If your emotional support animal letter is not accepted by your landlord or apartment complex, you have a variety of options before submitting a complaint to HUD. First, ask the landlord if there is anything else that they need in order to accommodate your ESA request. If so, reach out to me to follow up on any extra steps I may need to complete to help facilitate the process. Sometimes landlords have certain forms they want signed by the me as the Licensed Mental Health Provider (LMHP). Sometimes they want to call and talk to me, or they may want an email confirmation that I am an LMHP and wrote the letter. A landlord also use a third party verification system. Either way, reach back out to me as needed so that I can assist with the full process for your ESA or Service Animal needs.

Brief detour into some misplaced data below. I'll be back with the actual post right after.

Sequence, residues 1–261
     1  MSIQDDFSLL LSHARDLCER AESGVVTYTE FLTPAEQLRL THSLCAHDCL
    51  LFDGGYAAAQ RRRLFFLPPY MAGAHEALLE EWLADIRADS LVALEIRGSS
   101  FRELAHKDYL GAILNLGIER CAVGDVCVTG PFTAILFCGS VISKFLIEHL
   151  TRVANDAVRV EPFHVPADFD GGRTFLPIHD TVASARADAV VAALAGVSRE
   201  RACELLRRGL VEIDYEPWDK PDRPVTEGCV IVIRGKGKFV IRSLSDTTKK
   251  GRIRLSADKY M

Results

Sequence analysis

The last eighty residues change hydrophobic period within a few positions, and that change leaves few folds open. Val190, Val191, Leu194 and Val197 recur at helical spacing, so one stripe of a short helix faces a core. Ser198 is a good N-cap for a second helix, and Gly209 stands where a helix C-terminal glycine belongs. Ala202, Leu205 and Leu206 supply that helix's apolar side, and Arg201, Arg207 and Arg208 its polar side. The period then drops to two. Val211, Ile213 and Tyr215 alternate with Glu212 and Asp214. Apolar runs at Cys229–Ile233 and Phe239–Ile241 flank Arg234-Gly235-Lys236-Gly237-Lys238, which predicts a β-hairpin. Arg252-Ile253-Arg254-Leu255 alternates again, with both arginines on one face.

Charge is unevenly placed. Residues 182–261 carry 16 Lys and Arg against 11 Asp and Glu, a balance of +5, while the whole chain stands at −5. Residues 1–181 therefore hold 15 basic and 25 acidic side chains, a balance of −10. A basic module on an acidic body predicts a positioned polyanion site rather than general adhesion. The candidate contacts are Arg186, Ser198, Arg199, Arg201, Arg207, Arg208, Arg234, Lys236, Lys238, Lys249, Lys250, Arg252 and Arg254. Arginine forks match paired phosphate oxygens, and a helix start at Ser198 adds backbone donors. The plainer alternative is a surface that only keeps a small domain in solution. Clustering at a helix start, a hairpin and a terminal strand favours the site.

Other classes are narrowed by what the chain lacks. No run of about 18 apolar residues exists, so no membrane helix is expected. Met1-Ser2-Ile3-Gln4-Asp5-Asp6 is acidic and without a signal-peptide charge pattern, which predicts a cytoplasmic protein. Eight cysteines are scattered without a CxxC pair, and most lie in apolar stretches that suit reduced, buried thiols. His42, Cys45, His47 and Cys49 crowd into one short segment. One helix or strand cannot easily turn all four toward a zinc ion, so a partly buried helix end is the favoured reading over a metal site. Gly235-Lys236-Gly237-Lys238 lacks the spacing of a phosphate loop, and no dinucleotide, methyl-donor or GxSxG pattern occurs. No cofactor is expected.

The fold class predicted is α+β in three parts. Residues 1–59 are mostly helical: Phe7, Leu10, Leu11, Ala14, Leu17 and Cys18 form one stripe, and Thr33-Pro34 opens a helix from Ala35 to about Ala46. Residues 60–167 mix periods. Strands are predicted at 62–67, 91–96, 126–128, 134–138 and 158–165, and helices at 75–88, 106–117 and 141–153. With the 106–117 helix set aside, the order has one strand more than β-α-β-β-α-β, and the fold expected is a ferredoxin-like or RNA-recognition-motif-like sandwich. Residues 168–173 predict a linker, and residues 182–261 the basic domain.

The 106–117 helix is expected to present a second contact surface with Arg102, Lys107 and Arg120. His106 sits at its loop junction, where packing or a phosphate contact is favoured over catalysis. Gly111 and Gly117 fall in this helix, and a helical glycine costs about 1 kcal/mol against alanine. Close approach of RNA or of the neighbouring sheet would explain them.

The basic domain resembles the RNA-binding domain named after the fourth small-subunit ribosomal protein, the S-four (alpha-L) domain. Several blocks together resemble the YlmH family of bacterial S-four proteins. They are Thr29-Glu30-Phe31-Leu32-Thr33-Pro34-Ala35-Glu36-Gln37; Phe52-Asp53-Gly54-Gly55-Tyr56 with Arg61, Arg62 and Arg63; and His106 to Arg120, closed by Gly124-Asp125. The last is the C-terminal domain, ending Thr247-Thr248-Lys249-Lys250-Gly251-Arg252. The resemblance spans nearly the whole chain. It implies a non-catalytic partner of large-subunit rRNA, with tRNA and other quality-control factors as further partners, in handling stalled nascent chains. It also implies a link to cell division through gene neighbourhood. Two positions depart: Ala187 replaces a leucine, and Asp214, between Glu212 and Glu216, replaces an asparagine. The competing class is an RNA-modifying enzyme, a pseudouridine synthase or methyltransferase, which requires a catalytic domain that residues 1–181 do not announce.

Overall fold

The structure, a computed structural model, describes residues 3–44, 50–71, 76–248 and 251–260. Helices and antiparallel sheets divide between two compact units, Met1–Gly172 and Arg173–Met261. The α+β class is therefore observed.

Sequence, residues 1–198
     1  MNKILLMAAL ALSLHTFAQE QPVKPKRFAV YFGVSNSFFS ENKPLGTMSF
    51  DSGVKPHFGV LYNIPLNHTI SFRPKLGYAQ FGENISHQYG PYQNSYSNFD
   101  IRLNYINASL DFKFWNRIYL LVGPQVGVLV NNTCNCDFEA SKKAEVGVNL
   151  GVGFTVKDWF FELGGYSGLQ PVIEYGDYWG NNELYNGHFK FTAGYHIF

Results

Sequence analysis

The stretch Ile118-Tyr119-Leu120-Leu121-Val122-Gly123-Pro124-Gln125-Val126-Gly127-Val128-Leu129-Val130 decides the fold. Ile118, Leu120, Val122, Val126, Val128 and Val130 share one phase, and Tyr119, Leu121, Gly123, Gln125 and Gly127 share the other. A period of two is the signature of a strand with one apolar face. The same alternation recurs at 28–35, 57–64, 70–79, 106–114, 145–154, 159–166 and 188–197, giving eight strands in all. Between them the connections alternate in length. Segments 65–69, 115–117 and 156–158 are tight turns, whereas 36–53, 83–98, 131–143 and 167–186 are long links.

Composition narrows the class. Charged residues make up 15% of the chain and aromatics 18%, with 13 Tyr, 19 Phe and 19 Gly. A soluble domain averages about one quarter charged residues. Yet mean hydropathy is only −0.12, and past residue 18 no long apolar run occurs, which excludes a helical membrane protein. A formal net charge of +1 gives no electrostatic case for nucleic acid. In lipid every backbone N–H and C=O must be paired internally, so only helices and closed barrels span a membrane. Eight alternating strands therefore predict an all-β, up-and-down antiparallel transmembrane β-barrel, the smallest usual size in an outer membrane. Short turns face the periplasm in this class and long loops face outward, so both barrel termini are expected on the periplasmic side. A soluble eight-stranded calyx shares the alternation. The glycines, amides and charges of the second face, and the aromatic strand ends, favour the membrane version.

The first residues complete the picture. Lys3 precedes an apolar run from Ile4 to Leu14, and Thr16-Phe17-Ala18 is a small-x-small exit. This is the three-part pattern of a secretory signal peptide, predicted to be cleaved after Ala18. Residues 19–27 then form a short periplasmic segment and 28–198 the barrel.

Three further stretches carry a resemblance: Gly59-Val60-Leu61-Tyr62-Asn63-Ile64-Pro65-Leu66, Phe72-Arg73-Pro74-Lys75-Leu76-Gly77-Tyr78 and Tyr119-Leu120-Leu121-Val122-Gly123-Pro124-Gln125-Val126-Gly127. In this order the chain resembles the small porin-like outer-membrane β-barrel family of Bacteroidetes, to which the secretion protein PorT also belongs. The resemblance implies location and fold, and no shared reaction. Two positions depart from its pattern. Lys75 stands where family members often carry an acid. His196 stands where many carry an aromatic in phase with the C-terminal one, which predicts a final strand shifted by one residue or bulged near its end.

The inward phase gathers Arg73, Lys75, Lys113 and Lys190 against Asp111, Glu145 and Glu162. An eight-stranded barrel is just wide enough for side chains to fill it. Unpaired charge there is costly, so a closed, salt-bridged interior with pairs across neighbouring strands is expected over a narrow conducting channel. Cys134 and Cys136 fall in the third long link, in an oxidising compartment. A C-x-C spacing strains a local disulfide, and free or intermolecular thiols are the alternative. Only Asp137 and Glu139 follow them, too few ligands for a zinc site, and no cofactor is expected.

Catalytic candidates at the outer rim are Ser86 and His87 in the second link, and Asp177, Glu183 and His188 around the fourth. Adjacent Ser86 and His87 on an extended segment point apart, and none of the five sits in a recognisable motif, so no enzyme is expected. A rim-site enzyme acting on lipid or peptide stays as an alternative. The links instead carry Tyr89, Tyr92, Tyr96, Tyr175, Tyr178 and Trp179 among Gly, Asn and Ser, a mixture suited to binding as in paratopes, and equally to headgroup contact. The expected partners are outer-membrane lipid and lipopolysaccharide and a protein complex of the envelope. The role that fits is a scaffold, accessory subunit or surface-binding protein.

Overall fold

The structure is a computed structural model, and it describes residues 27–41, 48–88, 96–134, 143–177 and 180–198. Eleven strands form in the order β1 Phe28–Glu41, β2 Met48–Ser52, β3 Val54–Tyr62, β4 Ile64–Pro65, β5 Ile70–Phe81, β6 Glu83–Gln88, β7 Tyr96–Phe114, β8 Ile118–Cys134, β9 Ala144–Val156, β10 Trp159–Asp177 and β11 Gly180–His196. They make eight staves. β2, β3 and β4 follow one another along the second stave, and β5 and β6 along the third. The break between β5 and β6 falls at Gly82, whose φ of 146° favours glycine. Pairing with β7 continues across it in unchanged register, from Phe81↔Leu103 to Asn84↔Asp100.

If the landlord still does not accept your ESA or PSA request, ask them to send you something in writing stating the reason for rejection so that the issue can be resolved. Occasionally, I may need to write a second letter as a response to landlord when the request is not approved. I always keep in mind the parameters that landlords are limited to requesting in order to protect your Protected Health Information (PHI) based on HIPAA federal law. If a landlord asks for information that extends beyond the type of information that they are allowed to ask, I gently remind them of what I can and cannot share, with documentation from HUD that outlines what should be included in an accommodation letter for an ESA or PSA.
If your landlord still rejects your accommodation request after multiple attempts to resolve the issue, the following are some Texas tenant resources from the Texas State Law Library. This resource may be able to provide legal advice that I may not be aware of. After you have exhausted your resources, and you end up wanting to file a complaint with HUD, by doing so at the HUD Form 903 Online Complaint link.